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Explaining Mental Illness to Kids and Teens

Mental illness is an important, yet often a difficult discussion to tackle with children. Since mental health is an essential component of children’s overall health, today’s post seeks to explore ways to talk with children about mental illness in order to boost their understanding and awareness, an imperative step at increasing empathy, acceptance and support of those dealing with mental illness in childhood through adulthood. This post will be covering ways for you to explain mental illness to kids and teens.

mom talking to child about mental illness

Common reasons and challenges include but are not limited to:

  • Stigma - there are often myths, confusion, and misconceptions associated with mental illness from society, environment, and family.

  • Language - parents and caregivers may not know how or need support in how to describe or explain mental illness in an age appropriate manner to children.

  • Abstract concepts - oftentimes the idea of mental health is intangible, therefore, difficult for younger children to grasp or comprehend.

  • Worry - parents and caregivers may be concerned that children will worry and become overly fearful of mental illness.

Things to consider when having this conversation:

  • Parents and caregivers should first find out what the child already know and what their concern might be, if any.

  • Utilize age-appropriate language, through concrete and simple words and concepts. Use analogies and familiar comparisons to help them understand something abstract.

  • Communicate in an honest and straightforward manner.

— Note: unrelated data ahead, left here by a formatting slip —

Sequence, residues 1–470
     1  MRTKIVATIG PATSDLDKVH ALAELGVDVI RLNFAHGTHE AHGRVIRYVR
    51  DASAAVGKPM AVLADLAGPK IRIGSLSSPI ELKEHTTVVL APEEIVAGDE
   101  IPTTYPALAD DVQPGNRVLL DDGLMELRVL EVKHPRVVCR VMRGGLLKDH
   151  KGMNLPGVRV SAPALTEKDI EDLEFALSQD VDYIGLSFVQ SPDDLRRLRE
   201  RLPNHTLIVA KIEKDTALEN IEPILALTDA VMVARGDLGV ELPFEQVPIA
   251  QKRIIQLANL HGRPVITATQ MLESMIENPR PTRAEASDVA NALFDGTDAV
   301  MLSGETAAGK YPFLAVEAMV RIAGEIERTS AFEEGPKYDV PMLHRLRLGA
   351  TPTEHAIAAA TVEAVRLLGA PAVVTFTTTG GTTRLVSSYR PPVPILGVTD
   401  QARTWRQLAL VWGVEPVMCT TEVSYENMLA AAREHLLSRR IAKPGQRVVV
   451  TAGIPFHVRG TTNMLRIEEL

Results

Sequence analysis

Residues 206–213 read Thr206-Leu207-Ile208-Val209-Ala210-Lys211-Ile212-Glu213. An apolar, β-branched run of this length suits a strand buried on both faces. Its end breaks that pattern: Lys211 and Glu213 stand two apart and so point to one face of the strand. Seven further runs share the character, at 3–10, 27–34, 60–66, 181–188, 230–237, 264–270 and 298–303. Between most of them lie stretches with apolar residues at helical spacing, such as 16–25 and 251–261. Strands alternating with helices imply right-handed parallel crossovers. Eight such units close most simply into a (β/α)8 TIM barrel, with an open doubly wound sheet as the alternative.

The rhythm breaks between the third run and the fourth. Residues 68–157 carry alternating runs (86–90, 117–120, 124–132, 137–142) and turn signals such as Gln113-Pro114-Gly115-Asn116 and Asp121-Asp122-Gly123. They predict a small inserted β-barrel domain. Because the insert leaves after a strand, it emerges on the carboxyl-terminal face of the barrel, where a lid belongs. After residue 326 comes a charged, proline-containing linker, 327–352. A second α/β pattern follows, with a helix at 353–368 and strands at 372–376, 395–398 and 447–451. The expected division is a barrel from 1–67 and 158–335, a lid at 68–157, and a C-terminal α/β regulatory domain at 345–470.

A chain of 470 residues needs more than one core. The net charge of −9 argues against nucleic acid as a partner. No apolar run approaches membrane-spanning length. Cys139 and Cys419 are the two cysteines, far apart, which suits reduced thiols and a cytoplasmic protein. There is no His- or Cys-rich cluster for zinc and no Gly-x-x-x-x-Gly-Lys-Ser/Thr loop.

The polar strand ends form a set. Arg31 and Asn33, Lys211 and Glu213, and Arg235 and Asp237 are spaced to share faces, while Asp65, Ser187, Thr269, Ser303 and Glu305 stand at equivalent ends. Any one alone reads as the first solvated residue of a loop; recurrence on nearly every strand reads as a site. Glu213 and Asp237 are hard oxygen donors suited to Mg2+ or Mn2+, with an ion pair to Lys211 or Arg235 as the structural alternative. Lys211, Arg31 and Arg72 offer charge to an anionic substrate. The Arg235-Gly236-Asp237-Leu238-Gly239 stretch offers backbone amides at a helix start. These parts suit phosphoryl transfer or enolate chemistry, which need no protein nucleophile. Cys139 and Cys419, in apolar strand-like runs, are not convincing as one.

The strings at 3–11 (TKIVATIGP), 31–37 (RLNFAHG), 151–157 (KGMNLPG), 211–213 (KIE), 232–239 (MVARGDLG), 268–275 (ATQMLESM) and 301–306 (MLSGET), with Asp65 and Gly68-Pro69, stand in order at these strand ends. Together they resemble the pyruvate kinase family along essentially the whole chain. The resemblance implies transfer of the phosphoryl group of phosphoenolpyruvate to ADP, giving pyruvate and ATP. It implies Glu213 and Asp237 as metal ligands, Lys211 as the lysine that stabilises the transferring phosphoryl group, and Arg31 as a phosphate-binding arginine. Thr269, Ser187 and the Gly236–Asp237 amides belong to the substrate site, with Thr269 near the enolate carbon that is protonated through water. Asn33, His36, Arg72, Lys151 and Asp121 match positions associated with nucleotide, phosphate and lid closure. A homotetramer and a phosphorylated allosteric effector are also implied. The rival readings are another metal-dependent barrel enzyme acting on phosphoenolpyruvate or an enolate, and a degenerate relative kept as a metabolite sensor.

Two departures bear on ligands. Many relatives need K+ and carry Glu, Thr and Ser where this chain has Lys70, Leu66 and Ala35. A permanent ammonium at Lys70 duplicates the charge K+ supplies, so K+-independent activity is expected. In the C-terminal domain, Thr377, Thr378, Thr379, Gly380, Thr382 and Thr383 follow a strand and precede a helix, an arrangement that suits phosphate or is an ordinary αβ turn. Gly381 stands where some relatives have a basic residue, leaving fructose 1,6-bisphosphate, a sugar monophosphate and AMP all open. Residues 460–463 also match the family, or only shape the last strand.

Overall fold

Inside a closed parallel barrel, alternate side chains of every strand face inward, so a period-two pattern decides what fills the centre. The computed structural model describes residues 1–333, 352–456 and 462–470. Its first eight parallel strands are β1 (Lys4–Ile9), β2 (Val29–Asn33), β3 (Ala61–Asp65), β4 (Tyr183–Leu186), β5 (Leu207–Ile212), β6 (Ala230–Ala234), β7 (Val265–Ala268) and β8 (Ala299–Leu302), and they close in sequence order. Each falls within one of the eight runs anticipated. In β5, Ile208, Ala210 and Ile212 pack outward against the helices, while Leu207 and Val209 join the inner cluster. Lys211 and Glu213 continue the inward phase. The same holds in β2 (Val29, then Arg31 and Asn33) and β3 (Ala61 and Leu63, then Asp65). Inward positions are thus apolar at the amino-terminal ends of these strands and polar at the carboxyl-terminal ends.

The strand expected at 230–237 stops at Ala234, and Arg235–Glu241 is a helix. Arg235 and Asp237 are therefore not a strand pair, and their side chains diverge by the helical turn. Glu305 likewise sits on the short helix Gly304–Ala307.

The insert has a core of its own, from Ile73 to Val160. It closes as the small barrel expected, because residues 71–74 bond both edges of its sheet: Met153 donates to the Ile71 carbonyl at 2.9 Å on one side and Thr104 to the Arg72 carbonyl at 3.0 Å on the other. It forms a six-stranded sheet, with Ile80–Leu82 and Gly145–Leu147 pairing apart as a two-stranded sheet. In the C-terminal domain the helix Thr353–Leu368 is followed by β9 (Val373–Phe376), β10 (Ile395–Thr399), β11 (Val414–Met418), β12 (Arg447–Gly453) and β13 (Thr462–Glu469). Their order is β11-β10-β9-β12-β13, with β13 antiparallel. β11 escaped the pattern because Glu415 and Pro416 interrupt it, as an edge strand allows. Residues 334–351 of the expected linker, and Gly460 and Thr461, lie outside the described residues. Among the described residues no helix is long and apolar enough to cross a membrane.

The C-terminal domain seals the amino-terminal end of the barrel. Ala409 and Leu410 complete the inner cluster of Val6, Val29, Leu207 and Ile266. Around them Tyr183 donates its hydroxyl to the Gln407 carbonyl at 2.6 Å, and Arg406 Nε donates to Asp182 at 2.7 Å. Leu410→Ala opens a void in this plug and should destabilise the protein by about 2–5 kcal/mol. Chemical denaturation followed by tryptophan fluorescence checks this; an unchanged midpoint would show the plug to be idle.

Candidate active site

• Conduct the discussion when your child is calm and engaged, and pay attention to your child’s reaction when sharing information.

 

Explaining mental illness in a developmentally appropriate way at each developmental level:

Toddlers/Preschool

Example: “Just like our bodies can get sick, sometimes our brains can also get sick. When this happens, you might see a person feel sad, angry, and worried for a very long time. The person might also stay in bed a lot and not do things that they usually like to do. This is not your fault and there are people who can help the person. ”


Young children are learning more language and deepening their understanding of the world and their experiences. Children this age may focus on things that they see and how it affects them. Preschoolers may have questions about someone who looks different or acts different, or someone who is visibly angry and upset. Talk about different emotions, and teach children to recognize them in themselves and in others. Explain that people experience different emotions, and some emotions are difficult and it is okay to talk about them. Children this age may think it is their fault and need reassurance that it is not their fault.


School Age

Example: “An example of a physical illnesses is cancer and an example of a mental illness is depression. Mental illness is a health condition that affects a person's thoughts, feelings, and behaviors. People’s brains can get sick just like people’s bodies get sick, and when this happens, the person may feel sad, angry, and worried all the time. Sometimes, their brains can make them see or hear things that aren’t real. It’s not your fault and it is not their fault. You may hear about the person getting help from a doctor called a psychologist or psychiatrist.”

Schooler age kids may want more specifics and be able to process more information. This group may also be concerned about how it will impact them and their daily routine. Another common concern is about the safety of the person or the safety of those who they know. Communicate the plan and build check-ins for further questions or concerns.


Teenagers

Example: “Mental illness is a condition that affects a person's thoughts, emotions, and behavior. Some common conditions include depression, anxiety, and eating di